A book’s cover is often the first thing a reader sees when they find your book for the first time.

You never have a second chance to make a first impression, as the saying goes, which is why many would suggest you hire a professional to design your book covers.

But some authors have the skill to DIY or want to learn about cover design by doing so they can work better with the designers they hire, so here are fourteen sites, services, and apps that you can use to make an awesome book cover.

Link to the rest at The Digital Reader

Nate has included several interesting-looking sites with which PG was not familiar.

He has used Canva, however, for creating and formatting some social media posts (not for TPV and not book covers, but for other parts of the PG media empire).

Here’s what Canva says about book cover design:

You’ve done the hard work and created an amazing book. Make sure it sells out by creating an awesome cover design!

Canva’s free book cover maker is ridiculously easy to use – even for the novice or not-so-tech-savvy writer. Our book cover maker allows you to choose from hundreds of layouts, making it easier than ever to create a memorable cover.

. . . .

Create a beautiful book cover in under 5 minutes

  1. Open Canva and select the “Kindle Cover” design type or insert your own custom dimensions
  2. Choose from our library of professionally designed layouts
  3. Upload your own photos or choose from over 1 million stock images
  4. Fix your images, add stunning filters and edit text
  5. Save and share

Customize your book cover to suit your book genre

  1. Change the images. Upload your own images or choose from our stock library of over 1 million photographs, graphics and illustrations.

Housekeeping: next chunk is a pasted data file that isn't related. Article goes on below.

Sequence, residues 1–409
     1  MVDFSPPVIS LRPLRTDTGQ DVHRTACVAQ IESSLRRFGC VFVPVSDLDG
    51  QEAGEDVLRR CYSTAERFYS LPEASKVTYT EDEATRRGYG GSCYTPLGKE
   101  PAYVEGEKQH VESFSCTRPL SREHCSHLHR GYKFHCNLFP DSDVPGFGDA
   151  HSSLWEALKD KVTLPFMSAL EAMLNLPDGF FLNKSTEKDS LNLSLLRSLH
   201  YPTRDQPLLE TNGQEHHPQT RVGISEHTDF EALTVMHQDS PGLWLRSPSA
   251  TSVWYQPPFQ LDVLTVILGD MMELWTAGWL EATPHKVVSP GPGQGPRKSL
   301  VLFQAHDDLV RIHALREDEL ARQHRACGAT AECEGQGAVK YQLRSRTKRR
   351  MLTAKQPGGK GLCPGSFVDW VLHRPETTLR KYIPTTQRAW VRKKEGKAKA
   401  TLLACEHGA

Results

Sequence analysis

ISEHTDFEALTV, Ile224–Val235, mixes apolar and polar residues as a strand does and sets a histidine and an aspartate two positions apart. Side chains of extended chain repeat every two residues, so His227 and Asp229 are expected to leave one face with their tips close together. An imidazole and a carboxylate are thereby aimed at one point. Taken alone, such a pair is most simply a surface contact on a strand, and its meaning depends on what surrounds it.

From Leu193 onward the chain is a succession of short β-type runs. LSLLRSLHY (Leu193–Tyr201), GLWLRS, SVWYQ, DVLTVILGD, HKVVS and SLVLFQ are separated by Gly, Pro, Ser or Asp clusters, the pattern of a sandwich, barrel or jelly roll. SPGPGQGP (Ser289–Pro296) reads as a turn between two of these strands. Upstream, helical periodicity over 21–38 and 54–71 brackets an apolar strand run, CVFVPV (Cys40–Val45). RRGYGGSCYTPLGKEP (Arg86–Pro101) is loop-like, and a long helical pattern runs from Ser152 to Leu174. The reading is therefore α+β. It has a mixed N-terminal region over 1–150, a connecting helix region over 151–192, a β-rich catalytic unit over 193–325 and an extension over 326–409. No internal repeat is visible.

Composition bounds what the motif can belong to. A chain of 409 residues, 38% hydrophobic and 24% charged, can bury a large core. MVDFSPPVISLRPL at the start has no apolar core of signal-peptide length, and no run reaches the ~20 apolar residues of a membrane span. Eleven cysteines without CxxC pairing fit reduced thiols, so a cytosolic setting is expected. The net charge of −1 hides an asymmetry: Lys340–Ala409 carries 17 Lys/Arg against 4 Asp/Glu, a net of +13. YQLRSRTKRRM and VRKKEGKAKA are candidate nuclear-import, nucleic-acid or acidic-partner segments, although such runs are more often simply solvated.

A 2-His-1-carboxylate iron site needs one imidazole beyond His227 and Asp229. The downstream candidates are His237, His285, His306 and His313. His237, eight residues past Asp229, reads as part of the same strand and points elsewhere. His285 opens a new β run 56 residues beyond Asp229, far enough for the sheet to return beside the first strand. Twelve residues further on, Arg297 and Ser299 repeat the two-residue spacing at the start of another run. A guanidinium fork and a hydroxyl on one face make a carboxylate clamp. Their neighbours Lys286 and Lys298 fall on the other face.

2. Change the fonts. Choose from of over 130 fresh fonts.
  3. Change the background. Choose a background from our library or use an image.
  4. Change the colors. Change the color of your text boxes and text to add extra flair.

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Here is a demonstration of Canva’s power (for good or evil). PG created this cover in a few short moments without even thinking about it.

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Typography can make or break your design: a process for choosing type

15 April 2017

From freeCodeCamp:

One of the most important skills you can learn as a designer is how to choose type. This is because text is one of the primary ways designers can communicate with users. Typography can make or break a design.

There’s a beauty and complexity to typography. Some people devote their entire careers to type. Thankfully, their work is well documented, so we have tons of online resources for typography.

This article is designed to serve as a starting point for helping you learn how to choose type for your designs. It will encourage you to explore fonts and font combinations beyond those you’re familiar with.

. . . .

[I]f you are designing a greeting card that’s illustration heavy, choose a font that fits the style of your illustration. Harmonize your type with the rest of your design.

. . . .

After determining the purpose of your design, identify your audience. This step is crucial because age and interest will influence your font options.

After clarifying the purpose of your design, identify your audience. This step is crucial because information about your users such as age, interests, and cultural upbringing could influence the decisions you make for your type.

For example, some fonts are more appropriate for children. When learning to read, children need highly legible fonts with generous letter shapes. A good example of this is Sassoon Primary. Sassoon Primary was developed by Rosemary Sassoon and based on her research into what kind of letters children found easy to read.

. . . .

 Other fonts are more appropriate for seniors. Senior-friendly fonts use readable sizes, high contrasting colors, and avoid scripts and decorative styles.